This is especially helpful especially if you as their manager gets promoted or moved to another role.

But in cases where successors have not been identified, then it’s best that you start planning your team member’s replacement ASAP. Here are more tips:

  • Get your team member involved- Have your team member create a detailed transitions plan that includes files, timelines, resources that can help provide information in case the new hire won’t have a chance to get on-boarded by your team member
  • Talk to your team member about timelines - Depending on the work that will need to be transitioned, understand if it will be enough time to get another person onboarded. It’s always best to be mindful of the team member’s expectations. While they will be moving on, it’s best practice to respect each other’s expectations so that you get the most in the remaining time you have left
  • Establish regular touch base - This is to ensure that the plan is being adhered to and that progress is moving in the right direction.

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5. Check on your Team’s Engagement

While you wish the best for one of your team members, it’s best to investigate the engagement of the rest of the team. Having an attrition within the team is a reality check of what’s happening to the overall well-being of the rest of the team members.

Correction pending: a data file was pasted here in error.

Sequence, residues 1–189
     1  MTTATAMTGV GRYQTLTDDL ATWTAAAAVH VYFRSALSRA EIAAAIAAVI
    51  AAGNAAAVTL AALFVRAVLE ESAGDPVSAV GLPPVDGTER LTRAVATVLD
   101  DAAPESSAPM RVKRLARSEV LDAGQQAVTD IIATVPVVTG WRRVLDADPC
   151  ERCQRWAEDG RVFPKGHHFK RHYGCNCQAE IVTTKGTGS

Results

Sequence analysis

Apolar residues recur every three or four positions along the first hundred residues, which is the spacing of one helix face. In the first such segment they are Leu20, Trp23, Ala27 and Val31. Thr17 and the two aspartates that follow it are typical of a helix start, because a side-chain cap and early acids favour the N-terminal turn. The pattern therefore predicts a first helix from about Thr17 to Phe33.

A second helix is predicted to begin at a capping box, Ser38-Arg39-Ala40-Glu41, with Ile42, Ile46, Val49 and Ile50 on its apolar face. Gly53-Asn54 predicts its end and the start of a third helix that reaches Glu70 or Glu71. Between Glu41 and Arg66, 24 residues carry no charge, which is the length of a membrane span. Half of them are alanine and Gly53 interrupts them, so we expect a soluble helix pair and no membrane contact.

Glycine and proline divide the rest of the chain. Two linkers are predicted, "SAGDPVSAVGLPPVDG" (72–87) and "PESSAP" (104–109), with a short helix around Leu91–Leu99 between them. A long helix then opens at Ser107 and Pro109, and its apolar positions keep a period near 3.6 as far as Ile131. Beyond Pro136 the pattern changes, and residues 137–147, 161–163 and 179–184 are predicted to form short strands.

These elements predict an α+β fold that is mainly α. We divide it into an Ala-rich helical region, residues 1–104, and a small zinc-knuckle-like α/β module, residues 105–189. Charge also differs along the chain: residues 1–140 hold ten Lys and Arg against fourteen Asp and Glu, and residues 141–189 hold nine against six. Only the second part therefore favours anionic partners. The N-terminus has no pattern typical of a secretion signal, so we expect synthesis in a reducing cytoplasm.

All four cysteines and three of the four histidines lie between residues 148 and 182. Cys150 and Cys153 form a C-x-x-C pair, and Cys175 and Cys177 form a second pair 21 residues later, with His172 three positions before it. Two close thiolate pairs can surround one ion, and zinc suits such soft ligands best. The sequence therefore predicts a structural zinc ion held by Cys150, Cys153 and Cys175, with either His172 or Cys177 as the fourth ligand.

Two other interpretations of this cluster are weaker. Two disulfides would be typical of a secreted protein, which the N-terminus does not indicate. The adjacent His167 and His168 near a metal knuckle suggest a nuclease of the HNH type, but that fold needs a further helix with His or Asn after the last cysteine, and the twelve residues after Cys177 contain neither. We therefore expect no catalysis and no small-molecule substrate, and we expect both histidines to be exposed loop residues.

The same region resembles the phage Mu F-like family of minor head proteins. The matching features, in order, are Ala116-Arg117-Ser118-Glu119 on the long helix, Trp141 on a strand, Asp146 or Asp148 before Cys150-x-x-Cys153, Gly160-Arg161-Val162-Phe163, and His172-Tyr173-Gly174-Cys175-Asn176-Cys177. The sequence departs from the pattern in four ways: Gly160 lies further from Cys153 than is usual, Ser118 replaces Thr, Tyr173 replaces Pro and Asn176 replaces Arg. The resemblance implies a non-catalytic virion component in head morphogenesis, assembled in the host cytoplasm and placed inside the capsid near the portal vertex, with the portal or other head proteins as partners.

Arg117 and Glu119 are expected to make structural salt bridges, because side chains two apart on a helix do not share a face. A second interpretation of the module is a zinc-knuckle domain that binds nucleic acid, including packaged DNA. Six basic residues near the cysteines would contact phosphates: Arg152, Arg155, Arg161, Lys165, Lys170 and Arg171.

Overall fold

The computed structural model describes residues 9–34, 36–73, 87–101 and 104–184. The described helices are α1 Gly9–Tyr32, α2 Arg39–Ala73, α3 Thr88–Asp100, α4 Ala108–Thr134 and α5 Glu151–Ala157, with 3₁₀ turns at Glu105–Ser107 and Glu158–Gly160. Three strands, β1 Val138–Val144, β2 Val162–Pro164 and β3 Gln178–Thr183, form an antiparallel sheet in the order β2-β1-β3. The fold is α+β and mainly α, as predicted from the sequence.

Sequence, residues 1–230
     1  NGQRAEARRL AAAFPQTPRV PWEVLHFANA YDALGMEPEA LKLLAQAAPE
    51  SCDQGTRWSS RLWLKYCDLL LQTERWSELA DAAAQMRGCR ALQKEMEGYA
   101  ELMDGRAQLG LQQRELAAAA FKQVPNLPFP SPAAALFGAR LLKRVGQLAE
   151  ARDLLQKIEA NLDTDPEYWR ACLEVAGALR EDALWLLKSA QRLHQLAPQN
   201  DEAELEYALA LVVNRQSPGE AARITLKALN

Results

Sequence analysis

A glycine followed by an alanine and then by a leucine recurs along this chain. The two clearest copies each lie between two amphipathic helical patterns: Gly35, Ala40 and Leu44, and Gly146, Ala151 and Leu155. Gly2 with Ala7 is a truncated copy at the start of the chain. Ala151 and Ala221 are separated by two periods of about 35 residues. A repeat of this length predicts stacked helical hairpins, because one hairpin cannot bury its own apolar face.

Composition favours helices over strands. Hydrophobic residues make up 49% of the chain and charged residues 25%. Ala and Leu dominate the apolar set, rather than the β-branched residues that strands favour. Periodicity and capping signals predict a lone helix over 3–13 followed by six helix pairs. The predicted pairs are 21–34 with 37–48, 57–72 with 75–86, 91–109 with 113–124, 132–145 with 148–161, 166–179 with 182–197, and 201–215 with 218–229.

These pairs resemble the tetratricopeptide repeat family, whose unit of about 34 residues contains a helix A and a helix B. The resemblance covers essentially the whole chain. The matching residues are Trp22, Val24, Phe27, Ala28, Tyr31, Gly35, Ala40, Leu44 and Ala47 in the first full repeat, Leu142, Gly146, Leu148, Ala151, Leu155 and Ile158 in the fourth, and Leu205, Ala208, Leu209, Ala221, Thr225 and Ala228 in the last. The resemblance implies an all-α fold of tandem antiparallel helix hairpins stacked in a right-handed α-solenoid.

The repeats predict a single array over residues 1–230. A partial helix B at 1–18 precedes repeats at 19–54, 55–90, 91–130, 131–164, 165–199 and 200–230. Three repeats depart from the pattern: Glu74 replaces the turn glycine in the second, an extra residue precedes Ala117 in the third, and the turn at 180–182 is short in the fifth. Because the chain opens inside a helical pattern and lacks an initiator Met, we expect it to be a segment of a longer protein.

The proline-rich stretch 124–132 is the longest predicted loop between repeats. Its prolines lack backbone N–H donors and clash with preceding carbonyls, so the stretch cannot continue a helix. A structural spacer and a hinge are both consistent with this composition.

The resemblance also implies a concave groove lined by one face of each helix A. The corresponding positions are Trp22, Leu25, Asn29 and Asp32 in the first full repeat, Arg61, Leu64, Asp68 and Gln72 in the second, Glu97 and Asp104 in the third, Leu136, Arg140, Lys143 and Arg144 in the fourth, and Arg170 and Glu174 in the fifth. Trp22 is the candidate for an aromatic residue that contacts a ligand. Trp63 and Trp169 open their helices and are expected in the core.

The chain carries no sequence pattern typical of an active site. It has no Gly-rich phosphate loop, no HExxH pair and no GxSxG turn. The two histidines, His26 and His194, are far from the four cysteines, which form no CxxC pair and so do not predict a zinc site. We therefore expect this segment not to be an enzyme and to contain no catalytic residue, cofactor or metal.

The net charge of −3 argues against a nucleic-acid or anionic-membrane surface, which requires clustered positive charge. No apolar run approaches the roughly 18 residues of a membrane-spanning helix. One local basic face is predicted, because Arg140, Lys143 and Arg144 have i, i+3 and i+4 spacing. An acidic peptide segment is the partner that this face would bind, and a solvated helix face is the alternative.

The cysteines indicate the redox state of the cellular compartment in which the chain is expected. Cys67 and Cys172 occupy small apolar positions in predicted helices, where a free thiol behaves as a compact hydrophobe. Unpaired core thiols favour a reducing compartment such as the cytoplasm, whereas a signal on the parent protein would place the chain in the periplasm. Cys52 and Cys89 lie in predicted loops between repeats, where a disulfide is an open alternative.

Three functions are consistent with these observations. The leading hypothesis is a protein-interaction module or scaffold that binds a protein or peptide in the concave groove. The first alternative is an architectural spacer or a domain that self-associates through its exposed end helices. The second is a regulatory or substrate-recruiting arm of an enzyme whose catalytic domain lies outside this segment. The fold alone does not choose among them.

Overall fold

Regardless of the reason of that team member who is moving on, it’s best practice of successful leaders to have a temperature check with the rest. You’ll be surprised how it will bring in a feeling of stability if you check in with your team and see how they are coping with the upcoming change.


As their leader, your team will gravitate towards your energy especially in times of change. Make sure to take advantage of this opportunity to communicate positively even in situations where the team member is leaving in bad taste, your team will zero in on your behavior and reaction.

Be mature and professional as your team asks for your reaction. Remember that they will note your reaction or feedback especially when it’s their time to move on.

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Attrition within the team is a time of change and resilience.

As the team leader, go about it with maturity, professionalism and gratefulness. Don’t be bitter or resentful during this time. Focus on the future and carve a path towards making sure you and your team will thrive despite the change of players.

Work on your team engagement during this critical time. This will bring the team forward and come together as they welcome new teammates in the near future.

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About Daisy Casio

Daisy Casio is a Passionate Operations Leader with over 16 years of work experience in various leadership roles. She has run diverse teams in multiple locations and has built teams from the ground up. She is the Founder of ChampLeaders Blog dedicated to transforming leaders to Champions. She writes about leadership, management, productivity, career tips, team engagement and many more.